Andrew Michael Dibella
My definition of an imperative book is not limited to books by corporate and government whistleblowers, though it certainly includes them. The list of relevant books I’ve a published over the past decade and a half includes these ten titles:
DEAD RUN: The Shocking Story of Dennis Stockton and Life on Death Row in America (1999), a nonfiction narrative by reporters Joe Jackson and Bill Burke, chronicling an innocent man on Death Row in Virginia and the only mass escape from Death Row in U.S. history. The condemned convict, Dennis Stockton, wasn’t among the escapees,but it is his account of that event that stands the test of time and is relied on most my historians and journalists to this day.
THE UNITED STATES V. I. LEWIS LIBBY (2007), edited and with reporting by Murray Waas, comprising the trial transcript from Special Prosecutor Patrick J. Fitzgerald’s case along with public records essential to understanding the destructive leak of Valerie Plame’s CIA identity by the Bush administration.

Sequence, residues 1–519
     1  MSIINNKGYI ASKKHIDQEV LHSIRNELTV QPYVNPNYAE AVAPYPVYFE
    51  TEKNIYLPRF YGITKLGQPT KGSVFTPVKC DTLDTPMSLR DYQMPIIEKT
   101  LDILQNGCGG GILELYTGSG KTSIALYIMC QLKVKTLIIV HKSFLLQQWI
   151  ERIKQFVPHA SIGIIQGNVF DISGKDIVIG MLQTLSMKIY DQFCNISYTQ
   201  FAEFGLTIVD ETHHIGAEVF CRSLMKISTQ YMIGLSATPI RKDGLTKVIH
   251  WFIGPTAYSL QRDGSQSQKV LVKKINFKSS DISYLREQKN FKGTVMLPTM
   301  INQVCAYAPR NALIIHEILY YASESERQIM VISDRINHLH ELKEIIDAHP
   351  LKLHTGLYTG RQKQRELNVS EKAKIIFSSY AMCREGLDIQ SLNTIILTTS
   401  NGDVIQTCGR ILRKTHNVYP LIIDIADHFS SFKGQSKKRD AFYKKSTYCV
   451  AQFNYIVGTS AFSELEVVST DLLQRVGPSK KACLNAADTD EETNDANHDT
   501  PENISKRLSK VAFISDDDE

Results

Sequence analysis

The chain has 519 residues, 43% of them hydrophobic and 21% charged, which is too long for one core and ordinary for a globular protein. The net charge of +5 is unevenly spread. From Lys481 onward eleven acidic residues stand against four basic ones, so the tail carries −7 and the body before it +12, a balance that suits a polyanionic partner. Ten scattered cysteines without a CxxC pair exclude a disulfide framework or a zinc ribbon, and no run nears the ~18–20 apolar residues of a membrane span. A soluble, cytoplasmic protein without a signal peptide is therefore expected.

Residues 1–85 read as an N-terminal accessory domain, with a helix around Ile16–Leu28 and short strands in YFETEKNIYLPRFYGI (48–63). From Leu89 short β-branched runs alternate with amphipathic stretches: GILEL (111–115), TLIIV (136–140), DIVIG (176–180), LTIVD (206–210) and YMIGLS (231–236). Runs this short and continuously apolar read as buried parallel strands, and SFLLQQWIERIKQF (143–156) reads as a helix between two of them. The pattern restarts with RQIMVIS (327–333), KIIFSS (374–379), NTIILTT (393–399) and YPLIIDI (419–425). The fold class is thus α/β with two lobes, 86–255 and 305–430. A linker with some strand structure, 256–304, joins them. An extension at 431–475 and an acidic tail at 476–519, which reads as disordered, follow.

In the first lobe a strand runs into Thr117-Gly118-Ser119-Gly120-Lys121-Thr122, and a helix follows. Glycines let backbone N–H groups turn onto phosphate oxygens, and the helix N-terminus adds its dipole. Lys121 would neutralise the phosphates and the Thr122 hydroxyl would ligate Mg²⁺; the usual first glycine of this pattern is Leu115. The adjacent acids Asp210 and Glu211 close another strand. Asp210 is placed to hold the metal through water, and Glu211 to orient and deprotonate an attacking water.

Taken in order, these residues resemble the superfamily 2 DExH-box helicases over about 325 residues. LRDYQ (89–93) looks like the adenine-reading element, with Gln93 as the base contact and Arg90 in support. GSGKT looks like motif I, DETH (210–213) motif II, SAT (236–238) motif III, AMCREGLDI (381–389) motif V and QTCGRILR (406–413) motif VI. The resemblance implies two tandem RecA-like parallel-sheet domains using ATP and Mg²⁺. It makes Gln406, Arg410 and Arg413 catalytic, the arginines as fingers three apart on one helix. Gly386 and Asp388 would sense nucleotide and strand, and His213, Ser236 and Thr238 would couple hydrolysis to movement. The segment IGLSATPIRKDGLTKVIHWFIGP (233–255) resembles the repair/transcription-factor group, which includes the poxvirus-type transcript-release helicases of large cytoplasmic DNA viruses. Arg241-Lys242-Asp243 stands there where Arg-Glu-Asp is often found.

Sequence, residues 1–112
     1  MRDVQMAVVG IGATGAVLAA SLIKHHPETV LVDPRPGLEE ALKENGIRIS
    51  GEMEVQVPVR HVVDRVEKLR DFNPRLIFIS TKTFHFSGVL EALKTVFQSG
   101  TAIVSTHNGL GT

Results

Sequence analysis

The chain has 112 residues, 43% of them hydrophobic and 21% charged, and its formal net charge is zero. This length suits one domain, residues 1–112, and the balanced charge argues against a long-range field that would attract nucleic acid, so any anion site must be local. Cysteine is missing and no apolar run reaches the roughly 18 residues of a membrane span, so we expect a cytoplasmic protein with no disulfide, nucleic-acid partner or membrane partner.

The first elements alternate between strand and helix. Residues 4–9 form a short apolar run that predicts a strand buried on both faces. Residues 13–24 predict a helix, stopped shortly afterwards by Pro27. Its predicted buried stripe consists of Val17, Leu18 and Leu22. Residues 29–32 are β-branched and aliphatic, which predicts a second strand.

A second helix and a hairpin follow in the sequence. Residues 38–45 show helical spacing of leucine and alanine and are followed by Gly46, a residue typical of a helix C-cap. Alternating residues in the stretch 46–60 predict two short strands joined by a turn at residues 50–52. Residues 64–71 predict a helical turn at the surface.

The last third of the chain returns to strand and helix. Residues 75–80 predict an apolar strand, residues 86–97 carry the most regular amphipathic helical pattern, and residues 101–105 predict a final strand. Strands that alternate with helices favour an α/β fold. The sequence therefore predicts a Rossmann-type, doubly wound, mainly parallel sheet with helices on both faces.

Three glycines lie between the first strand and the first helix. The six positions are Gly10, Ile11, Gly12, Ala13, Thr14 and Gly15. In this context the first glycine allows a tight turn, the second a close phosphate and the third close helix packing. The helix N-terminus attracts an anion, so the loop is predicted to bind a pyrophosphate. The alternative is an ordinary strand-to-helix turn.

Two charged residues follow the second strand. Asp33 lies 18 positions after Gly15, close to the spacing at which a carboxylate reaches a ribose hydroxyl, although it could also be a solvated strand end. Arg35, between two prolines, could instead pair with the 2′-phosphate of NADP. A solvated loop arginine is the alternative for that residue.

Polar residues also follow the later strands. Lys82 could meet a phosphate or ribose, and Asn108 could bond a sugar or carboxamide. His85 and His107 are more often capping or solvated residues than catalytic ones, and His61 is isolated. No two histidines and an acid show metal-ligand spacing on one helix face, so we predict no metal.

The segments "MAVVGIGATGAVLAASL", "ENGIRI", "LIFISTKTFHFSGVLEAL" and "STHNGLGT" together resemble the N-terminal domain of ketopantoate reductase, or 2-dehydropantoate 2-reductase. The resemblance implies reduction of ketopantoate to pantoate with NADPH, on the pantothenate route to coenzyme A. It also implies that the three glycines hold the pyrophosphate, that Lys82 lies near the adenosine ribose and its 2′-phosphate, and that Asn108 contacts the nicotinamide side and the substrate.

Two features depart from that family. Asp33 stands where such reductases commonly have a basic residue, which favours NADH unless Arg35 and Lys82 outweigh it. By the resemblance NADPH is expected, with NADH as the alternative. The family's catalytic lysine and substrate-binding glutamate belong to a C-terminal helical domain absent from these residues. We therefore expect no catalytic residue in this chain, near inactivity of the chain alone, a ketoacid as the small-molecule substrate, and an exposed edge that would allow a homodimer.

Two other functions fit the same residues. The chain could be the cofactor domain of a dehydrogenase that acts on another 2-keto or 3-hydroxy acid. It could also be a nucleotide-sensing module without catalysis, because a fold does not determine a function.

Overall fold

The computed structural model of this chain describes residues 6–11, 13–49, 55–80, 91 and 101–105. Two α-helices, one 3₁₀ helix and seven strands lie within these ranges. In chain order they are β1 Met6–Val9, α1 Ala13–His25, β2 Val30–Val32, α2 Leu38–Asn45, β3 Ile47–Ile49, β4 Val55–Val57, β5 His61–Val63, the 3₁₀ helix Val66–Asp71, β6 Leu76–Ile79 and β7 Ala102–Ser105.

Talk about an "instant" book. Within hours of I. Lewis Libby's conviction for obstruction of justice, a publisher announced plans for a paperback release about the trial of Vice President Dick Cheney's former chief of staff.
"Like the published reports from the 9/11 Commission and the Iraq Study Group, the CIA leak case warrants a definitive book based upon the Libby trial record," Philip Turner, editorial director of Sterling Publishing's Union Square Press imprint.
"The United States v. I. Lewis Libby," which will include testimony and original reporting, will be edited by investigative journalist Murray Waas of National Journal. The book is scheduled to be released in April as a paperback original.